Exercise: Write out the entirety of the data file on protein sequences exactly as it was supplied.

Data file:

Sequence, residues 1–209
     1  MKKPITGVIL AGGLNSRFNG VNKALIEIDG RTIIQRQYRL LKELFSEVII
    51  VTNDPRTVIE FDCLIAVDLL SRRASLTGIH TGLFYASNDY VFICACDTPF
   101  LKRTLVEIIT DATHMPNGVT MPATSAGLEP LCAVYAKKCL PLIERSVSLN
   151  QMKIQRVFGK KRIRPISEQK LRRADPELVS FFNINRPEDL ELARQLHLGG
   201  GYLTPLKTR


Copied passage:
Sequence, residues 1–209
     1  MKKPITGVIL AGGLNSRFNG VNKALIEIDG RTIIQRQYRL LKELFSEVII
    51  VTNDPRTVIE FDCLIAVDLL SRRASLTGIH TGLFYASNDY VFICACDTPF
   101  LKRTLVEIIT DATHMPNGVT MPATSAGLEP LCAVYAKKCL PLIERSVSLN
   151  QMKIQRVFGK KRIRPISEQK LRRADPELVS FFNINRPEDL ELARQLHLGG
   201  GYLTPLKTR